VIENNA (Reuters) - The United States and three other big powers this week argued for allowing nuclear-armed India into an atomic export control group, but China and several European states appeared doubtful about the move, diplomats said on Wednesday.
They said the divisions were in evidence during closed-door talks of the 46-nation Nuclear Suppliers Group on the sensitive issue of whether India could join and become the NSG's only member that is outside the Non-Proliferation Treaty (NPT).
The United States, France, Britain and Russia were among those which backed membership for India - Asia's third-largest economy - while smaller European states such as Ireland, the Netherlands and Switzerland had reservations, the envoys said.
China stressed the need for equal treatment in South Asia, an apparent reference to its ally Pakistan which is also outside the NPT and has also tested atomic bombs, they said. One diplomat said Japan also appeared lukewarm on the idea.
The tone of Monday's informal debate in Vienna suggested that the controversial issue will not be ready for a decision at the NSG's next annual plenary session, to be held in the Czech capital of Prague in June. NSG decisions are made by consensus.
"There are several countries in each camp. I'm not sure how it can be moved forward," another envoy said.
But another envoy said that while "a number of countries have continued doubts" they did not categorically rule out that India, which has yet to apply, could eventually become a member.
The NSG - which includes the United States, Russia, China, European Union countries and some others - is a cartel that tries to ensure that civilian nuclear exports are not diverted for military purposes.
In 2010, Washington announced backing for India joining. But Pakistan - which has been trying to move closer to Asian powerhouse China as Islamabad's ties with Washington have suffered - has warned against allowing its rival into the NSG.
India and Pakistan - which have fought three wars - have both refused to sign the 189-nation NPT, which would oblige them to scrap nuclear weapons.
Close relations between China and Pakistan reflect a long-standing shared wariness of their common neighbor, India, and a desire to counter U.S. influence across the region.
Those for India joining say it is better if the country is inside than outside the NSG as it is already an advanced nuclear energy power and will in future become a significant exporter as well, one of the diplomats who attended the discussions said.
Those which are skeptical argue it could undermine the NPT, which is a cornerstone of global nuclear disarmament efforts.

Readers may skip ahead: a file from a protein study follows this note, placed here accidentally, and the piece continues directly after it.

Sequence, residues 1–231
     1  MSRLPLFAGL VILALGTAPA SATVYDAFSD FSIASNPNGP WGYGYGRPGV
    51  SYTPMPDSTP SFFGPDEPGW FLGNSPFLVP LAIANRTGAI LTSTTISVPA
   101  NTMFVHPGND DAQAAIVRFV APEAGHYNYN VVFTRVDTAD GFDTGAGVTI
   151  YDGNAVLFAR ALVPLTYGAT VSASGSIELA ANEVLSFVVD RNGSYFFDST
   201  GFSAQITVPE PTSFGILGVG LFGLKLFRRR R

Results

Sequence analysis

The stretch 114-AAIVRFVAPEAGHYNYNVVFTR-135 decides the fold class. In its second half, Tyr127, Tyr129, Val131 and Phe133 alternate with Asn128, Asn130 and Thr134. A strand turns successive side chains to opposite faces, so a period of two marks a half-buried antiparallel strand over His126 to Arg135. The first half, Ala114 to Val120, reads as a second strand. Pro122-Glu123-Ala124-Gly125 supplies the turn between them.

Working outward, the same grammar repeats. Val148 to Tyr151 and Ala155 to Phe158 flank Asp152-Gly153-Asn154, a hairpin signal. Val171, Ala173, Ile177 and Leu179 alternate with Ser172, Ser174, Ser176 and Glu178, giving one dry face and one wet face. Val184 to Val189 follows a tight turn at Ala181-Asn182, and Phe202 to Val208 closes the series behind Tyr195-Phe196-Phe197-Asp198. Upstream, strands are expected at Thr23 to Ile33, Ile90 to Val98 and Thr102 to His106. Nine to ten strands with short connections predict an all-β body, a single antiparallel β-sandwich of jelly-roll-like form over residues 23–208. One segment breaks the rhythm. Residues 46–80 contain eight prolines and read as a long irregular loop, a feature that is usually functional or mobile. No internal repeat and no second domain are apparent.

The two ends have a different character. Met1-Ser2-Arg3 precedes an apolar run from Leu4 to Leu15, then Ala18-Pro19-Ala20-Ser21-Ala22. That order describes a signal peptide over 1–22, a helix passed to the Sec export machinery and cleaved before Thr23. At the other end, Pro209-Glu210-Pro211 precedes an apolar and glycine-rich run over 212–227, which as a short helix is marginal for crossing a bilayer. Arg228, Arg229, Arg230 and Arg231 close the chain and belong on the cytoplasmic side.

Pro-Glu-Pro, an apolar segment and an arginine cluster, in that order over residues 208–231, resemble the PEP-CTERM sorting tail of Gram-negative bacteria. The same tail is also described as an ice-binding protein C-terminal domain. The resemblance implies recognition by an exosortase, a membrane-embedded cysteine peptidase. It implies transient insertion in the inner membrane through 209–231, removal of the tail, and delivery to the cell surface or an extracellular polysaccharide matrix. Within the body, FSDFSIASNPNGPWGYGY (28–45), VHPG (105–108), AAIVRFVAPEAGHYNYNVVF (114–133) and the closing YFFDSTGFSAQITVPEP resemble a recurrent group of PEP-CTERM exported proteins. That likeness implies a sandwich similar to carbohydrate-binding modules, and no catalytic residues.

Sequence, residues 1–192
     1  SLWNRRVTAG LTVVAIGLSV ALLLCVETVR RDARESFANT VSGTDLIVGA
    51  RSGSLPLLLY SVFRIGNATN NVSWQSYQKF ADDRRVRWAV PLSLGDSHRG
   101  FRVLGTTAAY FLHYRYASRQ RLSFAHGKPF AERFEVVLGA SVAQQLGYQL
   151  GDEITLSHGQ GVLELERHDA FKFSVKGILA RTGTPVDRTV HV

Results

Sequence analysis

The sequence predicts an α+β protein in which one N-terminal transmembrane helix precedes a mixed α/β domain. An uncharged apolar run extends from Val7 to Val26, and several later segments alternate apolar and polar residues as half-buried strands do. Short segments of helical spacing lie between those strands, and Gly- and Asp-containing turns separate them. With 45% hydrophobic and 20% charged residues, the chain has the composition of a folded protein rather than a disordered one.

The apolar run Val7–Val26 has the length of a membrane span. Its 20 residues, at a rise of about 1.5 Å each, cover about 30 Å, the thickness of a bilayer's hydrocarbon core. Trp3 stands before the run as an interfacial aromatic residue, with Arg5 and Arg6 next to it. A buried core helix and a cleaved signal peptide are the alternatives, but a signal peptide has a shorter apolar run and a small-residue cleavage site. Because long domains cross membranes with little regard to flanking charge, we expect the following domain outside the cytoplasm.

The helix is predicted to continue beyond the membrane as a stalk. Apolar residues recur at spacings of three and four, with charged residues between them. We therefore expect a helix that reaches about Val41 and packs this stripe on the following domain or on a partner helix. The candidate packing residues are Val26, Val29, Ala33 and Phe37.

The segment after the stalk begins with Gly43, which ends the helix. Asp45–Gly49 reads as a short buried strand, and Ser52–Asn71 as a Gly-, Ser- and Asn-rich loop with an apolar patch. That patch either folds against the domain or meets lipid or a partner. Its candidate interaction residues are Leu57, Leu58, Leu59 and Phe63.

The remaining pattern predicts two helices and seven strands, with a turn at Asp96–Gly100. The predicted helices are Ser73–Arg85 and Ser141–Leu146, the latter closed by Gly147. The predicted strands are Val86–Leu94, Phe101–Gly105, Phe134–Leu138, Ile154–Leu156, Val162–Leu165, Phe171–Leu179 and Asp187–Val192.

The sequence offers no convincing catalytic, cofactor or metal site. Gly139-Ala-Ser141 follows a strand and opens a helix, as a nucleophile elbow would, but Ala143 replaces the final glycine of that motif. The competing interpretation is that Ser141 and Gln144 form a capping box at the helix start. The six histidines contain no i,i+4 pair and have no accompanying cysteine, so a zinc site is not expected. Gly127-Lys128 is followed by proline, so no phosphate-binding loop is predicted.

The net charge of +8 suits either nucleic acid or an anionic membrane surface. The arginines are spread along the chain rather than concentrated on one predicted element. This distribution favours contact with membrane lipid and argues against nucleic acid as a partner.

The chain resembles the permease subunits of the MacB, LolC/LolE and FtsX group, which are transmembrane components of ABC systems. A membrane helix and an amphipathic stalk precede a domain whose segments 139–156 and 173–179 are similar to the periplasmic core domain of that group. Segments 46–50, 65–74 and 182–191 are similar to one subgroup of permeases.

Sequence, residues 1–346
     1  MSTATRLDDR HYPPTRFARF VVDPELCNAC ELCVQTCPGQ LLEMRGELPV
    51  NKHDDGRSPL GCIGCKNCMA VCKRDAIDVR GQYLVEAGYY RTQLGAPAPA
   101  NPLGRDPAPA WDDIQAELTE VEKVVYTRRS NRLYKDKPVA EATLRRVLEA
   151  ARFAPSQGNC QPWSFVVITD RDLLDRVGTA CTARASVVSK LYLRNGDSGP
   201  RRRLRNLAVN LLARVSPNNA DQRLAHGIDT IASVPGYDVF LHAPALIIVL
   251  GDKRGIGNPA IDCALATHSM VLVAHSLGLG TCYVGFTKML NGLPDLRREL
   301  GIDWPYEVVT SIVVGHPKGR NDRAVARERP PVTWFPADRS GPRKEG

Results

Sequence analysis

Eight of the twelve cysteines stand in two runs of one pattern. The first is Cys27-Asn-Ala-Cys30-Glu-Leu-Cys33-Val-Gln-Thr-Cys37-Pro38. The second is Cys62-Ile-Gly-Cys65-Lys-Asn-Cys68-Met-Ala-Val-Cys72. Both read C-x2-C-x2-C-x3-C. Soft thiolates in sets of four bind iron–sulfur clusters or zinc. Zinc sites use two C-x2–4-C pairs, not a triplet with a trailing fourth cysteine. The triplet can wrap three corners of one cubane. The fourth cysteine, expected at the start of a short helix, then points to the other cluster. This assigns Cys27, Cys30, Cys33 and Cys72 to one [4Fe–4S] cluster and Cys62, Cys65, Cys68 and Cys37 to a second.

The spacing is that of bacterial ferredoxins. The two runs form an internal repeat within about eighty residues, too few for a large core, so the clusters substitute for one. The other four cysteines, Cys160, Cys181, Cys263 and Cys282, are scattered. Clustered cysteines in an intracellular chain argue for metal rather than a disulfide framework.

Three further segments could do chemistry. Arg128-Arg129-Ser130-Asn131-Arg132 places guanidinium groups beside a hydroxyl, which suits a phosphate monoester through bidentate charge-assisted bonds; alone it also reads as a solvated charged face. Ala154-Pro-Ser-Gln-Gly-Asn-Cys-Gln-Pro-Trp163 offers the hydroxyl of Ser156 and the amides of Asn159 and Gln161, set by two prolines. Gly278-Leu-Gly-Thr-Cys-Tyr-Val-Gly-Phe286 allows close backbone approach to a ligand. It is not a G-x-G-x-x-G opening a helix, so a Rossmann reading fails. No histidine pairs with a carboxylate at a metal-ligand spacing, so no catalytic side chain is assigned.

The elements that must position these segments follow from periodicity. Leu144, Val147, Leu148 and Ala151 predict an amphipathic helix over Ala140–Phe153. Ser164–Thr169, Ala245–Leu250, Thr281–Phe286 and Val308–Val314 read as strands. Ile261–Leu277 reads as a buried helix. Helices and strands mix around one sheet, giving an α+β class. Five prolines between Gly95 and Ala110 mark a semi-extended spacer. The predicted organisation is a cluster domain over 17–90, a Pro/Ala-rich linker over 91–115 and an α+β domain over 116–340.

"There are differences of opinion on allowing non-NPT members into the NSG," another diplomat said.
Mark Hibbs of the Carnegie Endowment think-tank said some "worried that India will use its voice to reverse the NSG's gears and loosen export controls, since India has not demonstrated a firm historical commitment" to its mission.
To receive civilian nuclear exports, nations that are not one of the five officially recognized atomic weapons states must usually place their nuclear activities under the safeguards of the International Atomic Energy Agency, NSG rules say.
When the United States sealed a nuclear supply deal with India in 2008 that China and others found questionable because Delhi is outside the NPT, Washington won an NSG waiver from that rule after contentious negotiations.
The landmark civilian nuclear cooperation agreement ended India's atomic isolation following its 1974 nuclear test and could mean billions of dollars in business for U.S. firms.
India gained access to technology and fuel while it was allowed to continue its nuclear weapons program.
Pakistan wants a similar civilian nuclear agreement with the United States to help meet its growing energy needs.
But Washington is reluctant, largely because a Pakistani nuclear scientist, Abdul Qadeer Khan, admitted in 2004 to transferring nuclear secrets to North Korea, Iran and Iraq.
Nuclear expert Daryl Kimball said India wanted to join the NSG because of prestige but that this would undercut the group's ability to ensure that New Delhi respects the non-proliferation commitments it made to win support for the 2008 exemption.
"Those commitments included no further nuclear weapons testing, compliance with site-specific safeguards, and support for a fissile material production moratorium," said Kimball, of the Washington-based Arms Control Association.
(Editing by Mark Heinrich)
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